A round trip ticket, out of this world


Since I am total flosstitute I do lots of my work on the beautiful OS X desktop, though the servers I administer are all linux, and on my new thinkpad laptop I finally bit the bullet and wiped the windows partition (it came with vista, so there wasn’t much deliberation). My only encounters with windows nowadays are through virtualization, so I feel like I have that demon safely caged.

One of the things I love about the mac are the little easter eggs you can find if you hunt around long enough (or more likely accidentally stumble upon).

One of these black-ops is the music visualization software that comes with iTunes (at least on OS X). I seem to recall something about a Christian fundamentalist writing it originally, right before joining the navy and serving on a submarine crew. Thing is, he couldn’t get this piece of software out of his head, and winded up leaving the military to work on this software full time. I think Madonna used to use early prototypes at her private parties, and one way or another he started working at Apple, apparently on the iTunes team. (this is all from memory, and I couldn’t find a source, in case anyone has heard this story also).

In any case, I occasionally remember to check in on this tool, and it’s gotten better with ever release of OS X. I think last year I discovered that if you run it in full screen mode it seems to use a much improved rendering engine, and maybe even a different algorithm.

None of this prepared me for the experience that I had Tuesday night. A few months back I learned about a wicked cool piece of software on Alexander Limi (the Plone founder’s) blog. The software is called nocturne, and is pretty friggin cool on its own. It’s not much more than a simple set of macros that invert the hues of your display – to either black and white, inverted color hues, or even submarine red. It’s really nice if you want to use your computer at the end of the day, but don’t want to deal with all the energy of a full backlight.

So anyway, I had this kooky idea (no drugs involved!) to turn on the iTunes music visualizer with nocturne in night mode, and I simply could not believe my senses. I was witnessing the audioloom – an idea I had begun to think about a few years back that originated with the simple question – can synesthesia be learned? I became very interested in the natural relationships between color and sound, noticing that both seem to come in octaves (think of the color wheel – a venn diagram defining 3 singles, 3 doubles, 1 triple, and the background, making 7+1… just like the western musical scale!).

I even remember what sparked this question. I was playing with a new set of Christmas lights, the kind with a remote control that makes the lights dance in different patterns. The important part of this experiment was leaving the lights ordered neatly in the box, instead of making a tangled mess. With this arrangement, when I played music, I could swear that the photons were dancing to the beat 😉

In any case, I was intrigued by the possibility that there might be a fundamental ontological relationship between sound and color, but even with this foray into metaphysics, I thought there might be a natural mapping between these two types of sense data, one that might be empirically determinable.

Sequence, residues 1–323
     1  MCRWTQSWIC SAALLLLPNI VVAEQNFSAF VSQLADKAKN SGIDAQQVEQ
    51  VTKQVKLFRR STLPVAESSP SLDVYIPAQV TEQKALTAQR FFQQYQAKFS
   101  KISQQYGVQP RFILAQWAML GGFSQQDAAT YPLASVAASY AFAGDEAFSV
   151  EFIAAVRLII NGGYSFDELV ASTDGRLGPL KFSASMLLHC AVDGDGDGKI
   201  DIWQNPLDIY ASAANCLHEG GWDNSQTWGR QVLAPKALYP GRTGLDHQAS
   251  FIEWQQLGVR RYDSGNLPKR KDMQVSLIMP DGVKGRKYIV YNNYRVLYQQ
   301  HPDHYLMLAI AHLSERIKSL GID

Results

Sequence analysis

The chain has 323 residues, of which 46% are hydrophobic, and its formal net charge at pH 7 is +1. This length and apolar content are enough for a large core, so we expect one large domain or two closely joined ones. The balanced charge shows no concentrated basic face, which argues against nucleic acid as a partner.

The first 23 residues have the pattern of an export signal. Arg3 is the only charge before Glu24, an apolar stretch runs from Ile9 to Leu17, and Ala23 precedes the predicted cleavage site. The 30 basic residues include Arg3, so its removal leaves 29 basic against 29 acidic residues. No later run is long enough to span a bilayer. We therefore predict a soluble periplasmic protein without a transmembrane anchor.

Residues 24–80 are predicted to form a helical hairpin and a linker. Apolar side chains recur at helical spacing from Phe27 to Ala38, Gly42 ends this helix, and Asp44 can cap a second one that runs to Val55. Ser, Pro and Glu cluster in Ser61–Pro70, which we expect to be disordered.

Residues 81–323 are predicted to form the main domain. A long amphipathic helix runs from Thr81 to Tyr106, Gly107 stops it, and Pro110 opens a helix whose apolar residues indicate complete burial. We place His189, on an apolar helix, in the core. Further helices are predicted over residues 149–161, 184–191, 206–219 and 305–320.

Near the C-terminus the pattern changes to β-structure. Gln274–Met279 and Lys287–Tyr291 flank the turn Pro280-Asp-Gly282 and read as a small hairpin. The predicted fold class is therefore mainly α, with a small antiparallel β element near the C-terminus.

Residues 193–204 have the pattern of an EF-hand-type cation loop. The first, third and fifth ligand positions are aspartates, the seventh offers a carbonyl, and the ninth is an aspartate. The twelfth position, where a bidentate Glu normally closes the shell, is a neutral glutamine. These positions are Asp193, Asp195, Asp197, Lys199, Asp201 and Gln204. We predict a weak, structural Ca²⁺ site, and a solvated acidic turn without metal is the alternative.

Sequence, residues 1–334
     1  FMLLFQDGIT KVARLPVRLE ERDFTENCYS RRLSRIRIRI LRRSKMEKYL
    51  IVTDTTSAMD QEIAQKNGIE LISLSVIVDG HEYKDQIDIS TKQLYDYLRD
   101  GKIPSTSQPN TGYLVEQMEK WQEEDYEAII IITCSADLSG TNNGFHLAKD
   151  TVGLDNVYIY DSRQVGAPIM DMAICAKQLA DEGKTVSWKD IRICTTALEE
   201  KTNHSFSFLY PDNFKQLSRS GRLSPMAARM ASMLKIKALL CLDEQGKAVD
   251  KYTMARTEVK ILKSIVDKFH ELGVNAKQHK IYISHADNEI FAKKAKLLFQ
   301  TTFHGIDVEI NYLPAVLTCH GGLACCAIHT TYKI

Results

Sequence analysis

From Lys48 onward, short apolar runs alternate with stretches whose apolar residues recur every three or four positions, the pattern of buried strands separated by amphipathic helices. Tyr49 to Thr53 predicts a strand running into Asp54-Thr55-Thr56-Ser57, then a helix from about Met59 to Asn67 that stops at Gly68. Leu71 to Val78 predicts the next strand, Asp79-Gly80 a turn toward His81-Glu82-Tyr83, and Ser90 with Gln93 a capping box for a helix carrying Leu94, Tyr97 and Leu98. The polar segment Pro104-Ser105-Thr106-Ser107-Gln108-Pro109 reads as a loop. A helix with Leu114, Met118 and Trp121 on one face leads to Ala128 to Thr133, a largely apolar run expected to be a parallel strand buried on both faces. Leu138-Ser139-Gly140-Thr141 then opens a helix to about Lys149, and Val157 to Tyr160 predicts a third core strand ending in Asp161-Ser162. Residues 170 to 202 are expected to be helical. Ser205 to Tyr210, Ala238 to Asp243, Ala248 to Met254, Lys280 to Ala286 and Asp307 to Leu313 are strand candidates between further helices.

I did some research on synesthesia, and read a great book called The Man Who Tasted Shapes. My idea began to take shape as a multi-phase project. Phase I was this screensaver on steroids, but Phase II is a musical instrument that plays light instead of sound. As with all fun ideas, there is nothing new under the sun, and many philosophers/inventors ranging from Aristotle to Newton to Benjamin Franklin have taken a crack at this problem (timeline), but the idea was ahead of its time… Until now.

So, back to Nocturne’s night mode. When I went full screen with non-monotone inverted hues, I swear to god it felt like I was entering a wormhole. Right out of that scene in Carl Sagan’s Contact, except without the extraneous seat that the stupid humans built.

I was transfixed, and will freely admit that on this first trip I spent a solid 2 hours staring at the screen and listening to my favorite tunes. Every time a song would end, I would wonder what another of my favorites would look like. I think the difference between day mode and night mode is that the visualizer outputs mostly dark. By inverting the hues, the screen explodes with backlit energy. Enough to keep your eyes working overtime. It was kinda like watching TV, except that instead of being hypnotizing, it was mesmerizing. I mean, I was grooving on my favorite music, but my eyes weren’t jealous of my ears – everyone had their work cut out for them.

Unlike TV, the audioloom experience requires active processing, as your brain frantically struggles to find patters in the sequences and segues. Since I don’t think the shapes and transitions are computed deterministically, there is an element of Art combined with the engineering mathematics displayed on the screen.

It made me wonder if this feeling would normally have required 10 years of devoted study in an ashram to replicate before this technology came along. One way or another, the experience was transcendental, and I just hope I haven’t stumbled upon the Videodrome, or the mysterious plot device in Infinite Jest

In any case, I plan to continue my experiments and keep you posted with updates. It is quite a relief that I might not actually need to implement this invention one day. Just goes to show, ideas kept secret, go stale.

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